The 2012-13 Fort Wayne theater season gets under way this weekend with two towering productions, one a hot property and one a freshly minted classic.
Here’s a preview.
‘God of Carnage’
God of Carnage sounds like the title of a video game – a video game crammed with swords, incantations and mayhem.
The play by that name that opens at First Presbyterian Theater today may not be a video game and it may not feature any scenes of bloody violence. But there are some underlying similarities, according to guest director David Schuler.
The swords are real, he says. Some are verbal. Some are physical. You have to experience it. You just sort of have to experience it.
Yasmina Reza’s God of Carnage is about two sets of parents who meet to settle a dispute between their two children.
These negotiations degenerate into anarchy over the course of the play.
Children model the behavior of their parents, Schuler says. So it’s easy to understand why these two children got into a fight.
Schuler calls it a comedy of manner without the manners.
The parents’ masks are up at the start, Schuler says, but little by little they start to fall away.
Each of the four characters has a moment when he or she concludes that there is just too much effort involved in pretending you don’t believe something for the sake of maintaining decorum, he says.
Schuler says the title refers to the deity that many of us worship, whether we know it or not – a deity that justifies ripping anything apart to get what we want.
Thom Hofrichter, First Presbyterian Theater executive director, handed the reins to college buddy Schuler so that he could play one of the husbands in the show.
Schuler currently teaches in the theater department at the University of Wisconsin Platteville.
Hofrichter says he’s seen a couple of earlier productions of the show that weren’t entirely successful because audiences were able to distance themselves from the characters and reduce them to a bunch of people acting badly.
They didn’t seem like me, he says, referring to the parents in the play.
It is not enough for theatergoers to laugh at the characters or mentally admonish them, Hofrichter says. They have to identify with them, he says.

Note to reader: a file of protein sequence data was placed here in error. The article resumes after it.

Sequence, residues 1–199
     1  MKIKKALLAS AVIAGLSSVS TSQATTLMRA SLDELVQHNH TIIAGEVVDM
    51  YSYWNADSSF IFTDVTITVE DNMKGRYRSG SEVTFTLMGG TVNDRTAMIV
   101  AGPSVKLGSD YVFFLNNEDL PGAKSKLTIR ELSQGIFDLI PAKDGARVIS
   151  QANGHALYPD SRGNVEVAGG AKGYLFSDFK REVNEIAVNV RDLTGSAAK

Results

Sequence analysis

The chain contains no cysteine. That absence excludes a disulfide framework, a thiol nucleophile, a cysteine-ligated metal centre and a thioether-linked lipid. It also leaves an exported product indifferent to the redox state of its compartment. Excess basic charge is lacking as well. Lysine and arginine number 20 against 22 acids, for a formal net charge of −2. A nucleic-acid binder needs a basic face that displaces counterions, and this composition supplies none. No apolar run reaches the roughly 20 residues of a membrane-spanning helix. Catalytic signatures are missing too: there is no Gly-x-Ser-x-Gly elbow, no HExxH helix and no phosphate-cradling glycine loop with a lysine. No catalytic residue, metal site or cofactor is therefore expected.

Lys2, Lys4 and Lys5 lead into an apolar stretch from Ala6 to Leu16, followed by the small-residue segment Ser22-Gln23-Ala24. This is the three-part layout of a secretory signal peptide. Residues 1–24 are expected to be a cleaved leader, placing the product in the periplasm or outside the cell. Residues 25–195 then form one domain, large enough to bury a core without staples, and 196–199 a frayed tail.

It is easy to see God of Carnage’ behavior in everybody else, Schuler says. It is harder to see it in ourselves.
Even though the play is funny, Schuler says, the playwright has said she believes her plays are tragedies not comedies.
God of Carnage is rated R for strong language, Schuler says.
It can be seen at 7:30 p.m. today, Saturday, Sept. 14, 15 and 22; 2 p.m. Sept. 16; and 10:30 p.m. Sept. 21.
Tickets, from $18 to $24, are available by calling 422-6329.
First Presbyterian Theater is at 300 W. Wayne St.
‘A Few Good Men’
When Aaron Sorkin’s A Few Good Men debuted on Broadway in 1989, the world did not yet know the writer.
Sorkin’s The West Wing, The Social Network, Moneyball and The Newsroom were still years in the future.
Any new production of A Few Good Men benefits from Sorkin’s renown but also must contend with people’s sturdy memories of the popular 1992 film adaptation that starred Tom Cruise and Jack Nicholson.
A Few Good Men, a military courtroom drama about the maturation of an immature Navy lawyer and some thorny truths that are revealed along the way, opens Saturday at the Civic Theatre.
The show’s director, Ranae Butler, says she urged that cast to avoid viewing the film again prior to the start of rehearsals. But the influence of the film is so strong, Butler says, that even Sorkin went back and rewrote the play so that it hewed closer to his screenplay.
Nicholson’s delivery, in the role of Col. Nathan R. Jessup, of a climactic courtroom diatribe has entered the canon of most memorable American movie scenes.
Butler says she and Ken Low, who plays Jessup in the Civic Theatre production, worked hard to craft a Jessup that is true to the script but that is not so different (from Nicholson’s portrayal) that people are spending all their time out there going, Dang.’
Working with Low and Bob Ahlersmeyer, who plays untested Navy lawyer Daniel Kaffee, has been a treat, she says.
The thing that is so rewarding about an actor like Bob is that we make great progress every night, she says. He incorporates changes quickly.
Kaffee was played by Cruise in the film, and Butler says living up to Cruise’s enormous star quality is no easier than living up to Nicholson’s outsized acting, Butler says.
All you have to do is show up to the party when you look like (Cruise), Butler says, laughing.
Butler says people will always be attracted to courtroom dramas because they like to see justice done. But A Few Good Men is unique in that it delivers a satisfying resolution along with some thought-provoking ambiguities.
After watching a typical Tuesday night drama, she says, viewers go to bed feeling that everything’s been wrapped up and all is right with the world – that the the bad guys have all been put away.
But in A Few Good Men, Butler says it’s really not that cut-and-dried.
Butler says she hopes viewers leave the theater wrestling with some of the same issues Kaffee wrestles with in the play; that they walk away asking themselves such questions as What does it mean to defend somebody?’ What does it mean for our military to defend us?’
I want them to look at that closely, Butler says.
A Few Good Men is at 8 p.m. Saturday, Sept. 14 and 15; 2 p.m. Sunday and Sept. 16.
Tickets, from $16 to $24, are available by calling 424-5220.
Fort Wayne Civic Theatre presents shows in the Arts United Center at 303 E. Main St.